The race is on to save Americans’ golden years.
The aging of baby boomers, the looming funding crisis for Social Security and the meager size of many workers’ nest eggs — if they have them at all — have spurred candidates, lawmakers and experts to propose ways to boost retirement savings.
Politicians even are talking about making changes to Social Security, long known as the third rail of politics because touching it was thought to be a career-killer. The looming financial train wreck awaiting the popular entitlement program and the increasing number of older Americans who depend on it hasn’t left much of an alternative.
A consensus has developed that the nearly four-decade-old transition from employer-sponsored pensions to individual 401(k) plans has been a failure for all but the wealthiest Americans and that something needs be done — soon.
The point was driven home June 24 when markets convulsed over Britain’s vote to leave the European Union. Like the financial crisis and 2007-09 recession, which drained 401(k) accounts and pummeled Americans’ finances, the British vote shook retirees.
“The longer we wait, the more draconian the solutions will have to be,” said former Sen. Kent Conrad, D-N.D., who co-chairs the Commission on Retirement Security and Personal Savings launched by the Bipartisan Policy Center think tank.
President Barack Obama has pushed retirement savings initiatives, presidential candidates have talked about Social Security on the campaign trail and several states are taking their own steps to help workers put away more money.
“There’s more activity around retirement savings than there has been in 20 years,” said Teresa Ghilarducci, an economics professor at the New School in New York and expert on the issue.
Statistics illustrate the dire situation facing millions of Americans.
About 22 percent of people ages 45 to 59 said they have no retirement savings or pension, according to a recent Federal Reserve study. And only about half of private-sector workers participate in a retirement savings plan, Bureau of Labor Statistics data show.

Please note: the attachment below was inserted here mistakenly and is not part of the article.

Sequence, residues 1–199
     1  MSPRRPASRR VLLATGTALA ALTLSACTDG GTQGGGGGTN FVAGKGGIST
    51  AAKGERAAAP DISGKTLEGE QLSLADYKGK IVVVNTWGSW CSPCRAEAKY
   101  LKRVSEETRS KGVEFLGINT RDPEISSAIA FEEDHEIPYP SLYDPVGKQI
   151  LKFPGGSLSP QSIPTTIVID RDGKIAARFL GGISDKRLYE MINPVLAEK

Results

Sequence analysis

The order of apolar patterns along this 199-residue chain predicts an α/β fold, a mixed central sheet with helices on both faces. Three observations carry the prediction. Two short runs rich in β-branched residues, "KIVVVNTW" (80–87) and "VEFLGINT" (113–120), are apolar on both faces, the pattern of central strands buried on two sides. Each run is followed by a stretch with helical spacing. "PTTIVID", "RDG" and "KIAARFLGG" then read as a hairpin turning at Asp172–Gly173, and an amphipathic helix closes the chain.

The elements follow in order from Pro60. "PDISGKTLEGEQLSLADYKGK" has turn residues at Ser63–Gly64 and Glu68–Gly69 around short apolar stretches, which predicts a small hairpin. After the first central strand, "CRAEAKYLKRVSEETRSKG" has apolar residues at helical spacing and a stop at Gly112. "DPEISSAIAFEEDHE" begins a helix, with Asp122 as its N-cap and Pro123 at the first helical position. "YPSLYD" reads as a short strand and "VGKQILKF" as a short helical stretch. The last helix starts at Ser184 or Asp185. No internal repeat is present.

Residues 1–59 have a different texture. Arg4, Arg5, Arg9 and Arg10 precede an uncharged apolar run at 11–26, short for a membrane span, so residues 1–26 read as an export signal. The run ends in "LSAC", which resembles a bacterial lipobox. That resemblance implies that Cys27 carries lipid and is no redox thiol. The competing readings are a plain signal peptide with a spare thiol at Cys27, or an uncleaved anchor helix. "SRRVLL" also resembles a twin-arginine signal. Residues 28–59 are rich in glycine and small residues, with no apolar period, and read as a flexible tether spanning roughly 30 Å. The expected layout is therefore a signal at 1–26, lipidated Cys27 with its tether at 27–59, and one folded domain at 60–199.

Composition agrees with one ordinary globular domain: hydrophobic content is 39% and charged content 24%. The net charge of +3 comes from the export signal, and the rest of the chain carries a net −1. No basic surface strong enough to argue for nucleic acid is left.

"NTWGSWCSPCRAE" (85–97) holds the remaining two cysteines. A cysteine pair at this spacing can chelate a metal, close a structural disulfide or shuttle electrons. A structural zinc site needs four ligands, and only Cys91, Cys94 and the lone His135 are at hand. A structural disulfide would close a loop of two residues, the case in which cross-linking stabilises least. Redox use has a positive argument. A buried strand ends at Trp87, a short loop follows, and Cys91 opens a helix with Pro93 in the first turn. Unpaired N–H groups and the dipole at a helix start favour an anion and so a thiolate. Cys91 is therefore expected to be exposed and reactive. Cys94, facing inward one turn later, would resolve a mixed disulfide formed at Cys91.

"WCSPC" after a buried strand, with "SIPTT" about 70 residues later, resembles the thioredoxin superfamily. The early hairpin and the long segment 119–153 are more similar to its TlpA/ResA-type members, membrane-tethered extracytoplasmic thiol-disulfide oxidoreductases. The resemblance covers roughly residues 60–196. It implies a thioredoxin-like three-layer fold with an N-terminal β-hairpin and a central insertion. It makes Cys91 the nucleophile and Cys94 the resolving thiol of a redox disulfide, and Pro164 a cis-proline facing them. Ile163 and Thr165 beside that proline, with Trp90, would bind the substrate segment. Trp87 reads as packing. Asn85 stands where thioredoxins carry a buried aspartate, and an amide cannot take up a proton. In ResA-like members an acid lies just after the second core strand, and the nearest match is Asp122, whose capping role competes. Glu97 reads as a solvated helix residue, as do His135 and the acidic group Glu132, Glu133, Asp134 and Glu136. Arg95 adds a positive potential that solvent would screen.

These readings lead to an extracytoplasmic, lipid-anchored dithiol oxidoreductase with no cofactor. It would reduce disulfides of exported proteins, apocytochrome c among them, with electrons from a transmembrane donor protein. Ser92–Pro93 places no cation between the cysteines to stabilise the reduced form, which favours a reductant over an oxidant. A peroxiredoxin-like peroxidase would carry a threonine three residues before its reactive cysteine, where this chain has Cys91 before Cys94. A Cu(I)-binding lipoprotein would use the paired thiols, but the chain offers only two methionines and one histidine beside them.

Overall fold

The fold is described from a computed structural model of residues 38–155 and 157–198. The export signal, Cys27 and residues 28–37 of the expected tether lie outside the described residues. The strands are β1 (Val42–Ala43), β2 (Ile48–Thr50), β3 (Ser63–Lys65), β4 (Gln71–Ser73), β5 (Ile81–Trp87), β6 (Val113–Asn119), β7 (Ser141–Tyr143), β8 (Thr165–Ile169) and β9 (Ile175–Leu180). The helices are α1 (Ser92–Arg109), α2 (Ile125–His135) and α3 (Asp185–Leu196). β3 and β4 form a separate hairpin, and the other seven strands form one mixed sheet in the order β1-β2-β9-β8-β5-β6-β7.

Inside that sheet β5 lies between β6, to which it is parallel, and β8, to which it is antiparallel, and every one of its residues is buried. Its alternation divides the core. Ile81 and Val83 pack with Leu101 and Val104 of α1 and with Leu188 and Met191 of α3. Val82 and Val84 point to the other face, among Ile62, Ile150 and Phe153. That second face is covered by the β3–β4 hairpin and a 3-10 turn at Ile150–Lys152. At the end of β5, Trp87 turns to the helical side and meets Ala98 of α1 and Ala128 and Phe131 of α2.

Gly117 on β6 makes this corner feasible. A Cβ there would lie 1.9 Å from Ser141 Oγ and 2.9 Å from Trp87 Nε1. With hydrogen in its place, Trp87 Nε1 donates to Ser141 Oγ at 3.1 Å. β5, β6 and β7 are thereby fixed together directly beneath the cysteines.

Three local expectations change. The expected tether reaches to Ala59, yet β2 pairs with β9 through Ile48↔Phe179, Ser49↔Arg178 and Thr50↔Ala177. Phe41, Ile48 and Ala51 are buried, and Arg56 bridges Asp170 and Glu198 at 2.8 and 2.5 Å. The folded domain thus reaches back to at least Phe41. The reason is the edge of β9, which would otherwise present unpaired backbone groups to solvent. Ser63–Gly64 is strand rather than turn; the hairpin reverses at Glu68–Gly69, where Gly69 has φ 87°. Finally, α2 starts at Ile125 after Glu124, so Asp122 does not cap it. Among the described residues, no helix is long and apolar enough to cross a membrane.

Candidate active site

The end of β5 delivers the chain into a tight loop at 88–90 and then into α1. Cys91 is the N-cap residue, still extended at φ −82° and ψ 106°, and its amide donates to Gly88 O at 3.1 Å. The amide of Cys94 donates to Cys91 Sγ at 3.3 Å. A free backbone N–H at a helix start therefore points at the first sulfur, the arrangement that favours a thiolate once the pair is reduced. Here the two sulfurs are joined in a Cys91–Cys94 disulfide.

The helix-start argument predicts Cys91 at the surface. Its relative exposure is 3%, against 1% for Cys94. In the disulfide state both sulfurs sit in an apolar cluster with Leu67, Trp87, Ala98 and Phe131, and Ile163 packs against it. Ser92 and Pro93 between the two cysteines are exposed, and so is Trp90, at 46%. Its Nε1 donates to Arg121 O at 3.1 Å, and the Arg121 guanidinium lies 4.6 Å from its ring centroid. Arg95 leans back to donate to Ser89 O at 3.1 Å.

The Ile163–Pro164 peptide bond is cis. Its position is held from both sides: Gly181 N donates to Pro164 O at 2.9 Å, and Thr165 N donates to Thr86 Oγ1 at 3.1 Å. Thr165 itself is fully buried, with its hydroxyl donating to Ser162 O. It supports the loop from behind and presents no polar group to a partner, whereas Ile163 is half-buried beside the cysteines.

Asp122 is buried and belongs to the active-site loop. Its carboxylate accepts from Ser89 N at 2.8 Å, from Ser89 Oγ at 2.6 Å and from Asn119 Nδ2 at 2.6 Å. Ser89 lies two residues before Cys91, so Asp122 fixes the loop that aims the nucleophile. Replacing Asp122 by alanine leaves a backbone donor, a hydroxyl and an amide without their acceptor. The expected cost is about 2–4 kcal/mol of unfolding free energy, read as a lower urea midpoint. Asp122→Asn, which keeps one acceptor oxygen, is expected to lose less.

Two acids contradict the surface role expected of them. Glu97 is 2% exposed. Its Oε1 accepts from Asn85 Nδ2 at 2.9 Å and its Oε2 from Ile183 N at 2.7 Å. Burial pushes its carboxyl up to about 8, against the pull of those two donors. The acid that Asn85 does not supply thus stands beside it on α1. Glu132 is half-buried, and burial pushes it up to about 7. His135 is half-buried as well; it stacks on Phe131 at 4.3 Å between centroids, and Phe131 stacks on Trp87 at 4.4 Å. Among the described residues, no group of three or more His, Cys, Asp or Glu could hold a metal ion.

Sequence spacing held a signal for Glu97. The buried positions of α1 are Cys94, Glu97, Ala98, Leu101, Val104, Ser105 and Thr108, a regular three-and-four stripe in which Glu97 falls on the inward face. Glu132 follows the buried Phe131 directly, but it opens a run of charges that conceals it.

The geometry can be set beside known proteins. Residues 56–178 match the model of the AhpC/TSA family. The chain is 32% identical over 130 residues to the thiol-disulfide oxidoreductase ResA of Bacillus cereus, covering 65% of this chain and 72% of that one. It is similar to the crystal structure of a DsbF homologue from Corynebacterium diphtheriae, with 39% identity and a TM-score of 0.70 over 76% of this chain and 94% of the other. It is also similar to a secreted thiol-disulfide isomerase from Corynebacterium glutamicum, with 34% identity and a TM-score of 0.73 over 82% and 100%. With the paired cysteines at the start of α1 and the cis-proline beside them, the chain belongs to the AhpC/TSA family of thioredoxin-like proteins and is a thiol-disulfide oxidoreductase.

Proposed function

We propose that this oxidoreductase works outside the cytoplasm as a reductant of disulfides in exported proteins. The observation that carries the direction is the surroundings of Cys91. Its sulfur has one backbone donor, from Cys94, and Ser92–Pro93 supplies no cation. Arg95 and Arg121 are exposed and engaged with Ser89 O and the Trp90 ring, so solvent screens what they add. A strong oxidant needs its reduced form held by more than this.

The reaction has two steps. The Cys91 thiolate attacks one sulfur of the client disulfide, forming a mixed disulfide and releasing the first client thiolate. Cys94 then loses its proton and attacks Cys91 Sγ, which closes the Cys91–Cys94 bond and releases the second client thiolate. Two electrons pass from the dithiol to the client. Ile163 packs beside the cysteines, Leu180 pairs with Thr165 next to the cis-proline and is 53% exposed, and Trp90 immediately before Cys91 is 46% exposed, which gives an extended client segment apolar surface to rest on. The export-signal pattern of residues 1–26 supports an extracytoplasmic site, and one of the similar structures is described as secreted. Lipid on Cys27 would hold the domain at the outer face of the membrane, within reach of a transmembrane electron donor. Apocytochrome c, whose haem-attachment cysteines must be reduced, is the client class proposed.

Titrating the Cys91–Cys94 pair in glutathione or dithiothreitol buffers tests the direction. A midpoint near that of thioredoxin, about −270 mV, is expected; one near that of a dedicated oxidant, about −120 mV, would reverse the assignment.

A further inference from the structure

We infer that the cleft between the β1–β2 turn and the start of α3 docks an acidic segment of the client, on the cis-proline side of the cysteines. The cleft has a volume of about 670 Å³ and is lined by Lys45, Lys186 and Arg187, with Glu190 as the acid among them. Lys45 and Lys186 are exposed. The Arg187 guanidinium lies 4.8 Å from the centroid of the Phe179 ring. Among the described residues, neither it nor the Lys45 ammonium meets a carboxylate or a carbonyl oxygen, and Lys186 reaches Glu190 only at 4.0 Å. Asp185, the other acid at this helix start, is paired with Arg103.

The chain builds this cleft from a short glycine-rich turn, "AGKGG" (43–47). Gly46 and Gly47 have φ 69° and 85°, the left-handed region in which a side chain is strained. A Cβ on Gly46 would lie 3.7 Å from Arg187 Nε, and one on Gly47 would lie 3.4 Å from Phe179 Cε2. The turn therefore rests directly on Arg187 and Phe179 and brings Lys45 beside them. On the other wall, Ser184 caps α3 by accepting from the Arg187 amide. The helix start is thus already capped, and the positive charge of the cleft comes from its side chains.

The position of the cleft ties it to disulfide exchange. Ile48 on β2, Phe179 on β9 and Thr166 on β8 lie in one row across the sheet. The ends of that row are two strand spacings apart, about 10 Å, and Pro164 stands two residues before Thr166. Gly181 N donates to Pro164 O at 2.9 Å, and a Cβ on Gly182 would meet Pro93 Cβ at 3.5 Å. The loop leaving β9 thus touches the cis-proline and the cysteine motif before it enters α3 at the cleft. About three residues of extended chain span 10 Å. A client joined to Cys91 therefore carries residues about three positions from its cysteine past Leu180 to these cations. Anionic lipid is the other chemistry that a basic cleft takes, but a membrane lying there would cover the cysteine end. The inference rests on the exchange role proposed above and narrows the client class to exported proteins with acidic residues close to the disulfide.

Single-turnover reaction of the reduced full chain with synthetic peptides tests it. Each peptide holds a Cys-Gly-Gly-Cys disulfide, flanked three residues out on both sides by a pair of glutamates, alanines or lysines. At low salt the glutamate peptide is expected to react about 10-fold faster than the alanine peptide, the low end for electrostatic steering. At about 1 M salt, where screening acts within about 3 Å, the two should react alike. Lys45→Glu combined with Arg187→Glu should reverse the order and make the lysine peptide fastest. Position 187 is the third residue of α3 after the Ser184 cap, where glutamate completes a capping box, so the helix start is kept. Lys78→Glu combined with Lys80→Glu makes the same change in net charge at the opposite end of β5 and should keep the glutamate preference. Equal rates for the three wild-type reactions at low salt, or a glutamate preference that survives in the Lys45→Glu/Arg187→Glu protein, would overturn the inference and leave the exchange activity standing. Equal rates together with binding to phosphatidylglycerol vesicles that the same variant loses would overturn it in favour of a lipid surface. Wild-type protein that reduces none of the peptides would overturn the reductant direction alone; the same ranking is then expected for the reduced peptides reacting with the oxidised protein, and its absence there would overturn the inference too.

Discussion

Many workers are worried about just making it to the next paycheck, let alone saving for retirement, particularly after the financial hit from the recession. About 46 percent of adults in the Fed survey said they did not have enough saved to cover a $400 emergency expense.
Social Security is supposed to be the backstop for such cash-strapped Americans. But that safety net is fraying.
The program’s trust fund for retiree benefits will run out in 2035, Social Security’s trustees reported last month. The program would keep running, but only with incoming taxes from workers. That would mean it would have to cut benefits by 23 percent unless Congress and the president agree to put more money into the system.
The two presumptive major-party presidential nominees are promising to deal with the problem but have not released detailed plans.
“I have said from the very beginning, we are going to protect Social Security,” Hillary Clinton said at a Democratic debate this spring.
She opposes increasing the retirement age, reducing cost of living adjustments, cutting benefits or privatizing the program.
To bolster the system and boost some benefits, Clinton said she is open to raising the $118,500 cap on income that is subject to Social Security taxes so the wealthy would contribute more. Her rival for the Democratic nomination, Bernie Sanders, wants to tax income up to $250,000.
Donald Trump, the presumptive Republican nominee, has been much less specific, saying he would preserve Social Security by increasing economic growth. He criticized his primary opponents for proposing cuts to the program, such as raising the retirement age and reducing benefits for higher-income recipients. Trump also indicated he opposed Democratic plans to increase benefits.